In general, healthcare is usually financed through public expenditure, private expenditure, or external aid. Public expenditure includes government expenditure spent by state-owned enterprises; private expenditure includes payments by individuals and employers; while external aid refers to the capital, which comes through bilateral aid programs or international, non-governmental organizations.
One of the major challenges in the healthcare industry in Nigeria is the inadequate allocation of financial resources to improve and maintain the general public’s health.
Currently, the existing health care resource allocation is skewed, with a high proportion going towards secondary and tertiary care facilities. This means that people tend to bypass the primary health care facilities in search of better care in the secondary and tertiary facilities.
This results to inefficiencies (because these centers are overburdened with medical issues that can be addressed at the primary level) and inequities (because care is more expensive at the secondary and or tertiary care center and average individual cannot usually afford this care.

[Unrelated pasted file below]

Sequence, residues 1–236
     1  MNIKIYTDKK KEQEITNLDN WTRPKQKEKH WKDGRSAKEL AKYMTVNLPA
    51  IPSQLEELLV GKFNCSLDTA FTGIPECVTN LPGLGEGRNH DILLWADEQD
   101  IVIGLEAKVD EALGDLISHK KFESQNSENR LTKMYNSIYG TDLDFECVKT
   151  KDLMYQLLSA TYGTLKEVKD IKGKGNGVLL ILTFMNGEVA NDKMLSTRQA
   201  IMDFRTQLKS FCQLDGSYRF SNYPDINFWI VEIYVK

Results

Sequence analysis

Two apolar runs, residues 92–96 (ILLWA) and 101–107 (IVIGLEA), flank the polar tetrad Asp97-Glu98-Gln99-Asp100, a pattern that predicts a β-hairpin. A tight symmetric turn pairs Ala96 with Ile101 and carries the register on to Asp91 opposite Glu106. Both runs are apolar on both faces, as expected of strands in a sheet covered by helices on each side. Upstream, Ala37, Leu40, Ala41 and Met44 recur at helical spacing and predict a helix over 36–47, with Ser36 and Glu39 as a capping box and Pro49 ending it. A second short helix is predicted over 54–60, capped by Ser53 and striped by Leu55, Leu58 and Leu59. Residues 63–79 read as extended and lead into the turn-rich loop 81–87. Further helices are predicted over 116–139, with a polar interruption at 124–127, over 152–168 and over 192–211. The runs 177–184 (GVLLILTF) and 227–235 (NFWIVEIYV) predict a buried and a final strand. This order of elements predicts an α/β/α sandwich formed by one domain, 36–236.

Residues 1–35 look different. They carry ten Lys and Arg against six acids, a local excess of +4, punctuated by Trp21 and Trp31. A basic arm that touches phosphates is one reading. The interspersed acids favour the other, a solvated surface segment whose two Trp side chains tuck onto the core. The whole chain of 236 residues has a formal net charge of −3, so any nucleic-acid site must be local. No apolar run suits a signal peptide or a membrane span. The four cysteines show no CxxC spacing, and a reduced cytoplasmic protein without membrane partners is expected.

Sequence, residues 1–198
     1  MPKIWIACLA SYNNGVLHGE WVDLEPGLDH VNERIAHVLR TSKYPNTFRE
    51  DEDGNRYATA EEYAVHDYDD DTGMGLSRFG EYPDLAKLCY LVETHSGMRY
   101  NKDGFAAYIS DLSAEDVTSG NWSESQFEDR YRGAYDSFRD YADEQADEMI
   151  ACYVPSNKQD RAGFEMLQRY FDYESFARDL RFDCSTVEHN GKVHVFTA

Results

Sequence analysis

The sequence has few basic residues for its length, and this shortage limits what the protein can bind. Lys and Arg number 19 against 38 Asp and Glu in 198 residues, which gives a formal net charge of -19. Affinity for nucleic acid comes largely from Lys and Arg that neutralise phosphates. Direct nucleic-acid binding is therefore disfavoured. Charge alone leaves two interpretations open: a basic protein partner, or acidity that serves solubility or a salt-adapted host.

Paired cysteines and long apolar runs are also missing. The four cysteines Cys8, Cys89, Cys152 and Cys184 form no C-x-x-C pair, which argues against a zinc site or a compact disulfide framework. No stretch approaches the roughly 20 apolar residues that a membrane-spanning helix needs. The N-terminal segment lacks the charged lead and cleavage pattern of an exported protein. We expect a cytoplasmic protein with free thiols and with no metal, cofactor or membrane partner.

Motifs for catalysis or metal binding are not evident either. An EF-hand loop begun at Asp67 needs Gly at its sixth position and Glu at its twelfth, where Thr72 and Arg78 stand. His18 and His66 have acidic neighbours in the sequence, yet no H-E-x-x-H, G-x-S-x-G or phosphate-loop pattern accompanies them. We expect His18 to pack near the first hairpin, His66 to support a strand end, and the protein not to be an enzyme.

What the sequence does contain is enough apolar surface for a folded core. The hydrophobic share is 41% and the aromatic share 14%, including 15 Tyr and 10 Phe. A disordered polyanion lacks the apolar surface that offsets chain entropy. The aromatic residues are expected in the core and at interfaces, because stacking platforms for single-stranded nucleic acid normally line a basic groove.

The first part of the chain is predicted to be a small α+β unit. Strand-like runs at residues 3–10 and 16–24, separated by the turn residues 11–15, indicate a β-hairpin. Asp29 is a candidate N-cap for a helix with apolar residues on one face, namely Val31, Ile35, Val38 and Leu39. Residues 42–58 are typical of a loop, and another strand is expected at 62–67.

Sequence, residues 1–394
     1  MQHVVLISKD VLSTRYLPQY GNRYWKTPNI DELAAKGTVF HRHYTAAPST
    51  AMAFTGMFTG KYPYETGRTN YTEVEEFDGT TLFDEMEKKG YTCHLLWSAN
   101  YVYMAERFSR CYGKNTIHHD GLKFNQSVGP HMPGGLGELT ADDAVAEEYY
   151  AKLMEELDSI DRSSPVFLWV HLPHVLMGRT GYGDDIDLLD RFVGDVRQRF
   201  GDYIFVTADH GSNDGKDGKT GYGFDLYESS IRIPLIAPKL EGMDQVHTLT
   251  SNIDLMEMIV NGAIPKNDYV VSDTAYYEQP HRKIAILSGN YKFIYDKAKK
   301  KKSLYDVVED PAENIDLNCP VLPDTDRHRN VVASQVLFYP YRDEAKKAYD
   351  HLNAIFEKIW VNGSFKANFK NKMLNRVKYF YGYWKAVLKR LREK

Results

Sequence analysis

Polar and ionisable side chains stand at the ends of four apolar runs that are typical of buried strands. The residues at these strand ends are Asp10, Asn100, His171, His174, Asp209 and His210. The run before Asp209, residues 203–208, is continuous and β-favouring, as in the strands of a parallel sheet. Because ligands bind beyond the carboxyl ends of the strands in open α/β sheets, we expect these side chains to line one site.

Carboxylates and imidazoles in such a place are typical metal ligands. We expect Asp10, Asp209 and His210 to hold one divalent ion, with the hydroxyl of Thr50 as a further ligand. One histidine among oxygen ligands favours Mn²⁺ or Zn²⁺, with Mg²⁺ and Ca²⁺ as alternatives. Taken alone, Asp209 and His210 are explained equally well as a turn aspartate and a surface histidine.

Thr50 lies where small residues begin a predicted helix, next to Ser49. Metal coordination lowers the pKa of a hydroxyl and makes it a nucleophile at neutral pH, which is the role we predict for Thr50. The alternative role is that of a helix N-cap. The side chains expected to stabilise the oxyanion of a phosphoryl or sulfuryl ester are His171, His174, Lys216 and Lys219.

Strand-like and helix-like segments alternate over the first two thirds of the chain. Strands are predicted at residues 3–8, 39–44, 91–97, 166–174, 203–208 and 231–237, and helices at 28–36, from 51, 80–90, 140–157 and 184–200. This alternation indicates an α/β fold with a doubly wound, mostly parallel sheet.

The inadequate allocation of financial resources can be further illustrated when examining Nigeria’s domestic government health expenditure per capita in comparison to other countries.
Below is a 5-chart series showing how Nigeria lags behind the world average and other comparable countries in Africa in regards to healthcare financing.
Without the proper financing, gains in development in the Nigerian healthcare sector will continue to be stifled. With that said, the amount of money Nigeria should invest on healthcare depends on several factors, such as the health challenges the country’s population is currently facing, different health inputs (e.g., public health staff, existing technology, etc.), and the level of investment to maintain or improve the country’s health status.
The aforementioned factors must be taken into consideration alongside social challenges that demand the same resources. Without the proposed assessment of the countries health care needs, as well as the proper investment in health care, this sector will continue to suffer.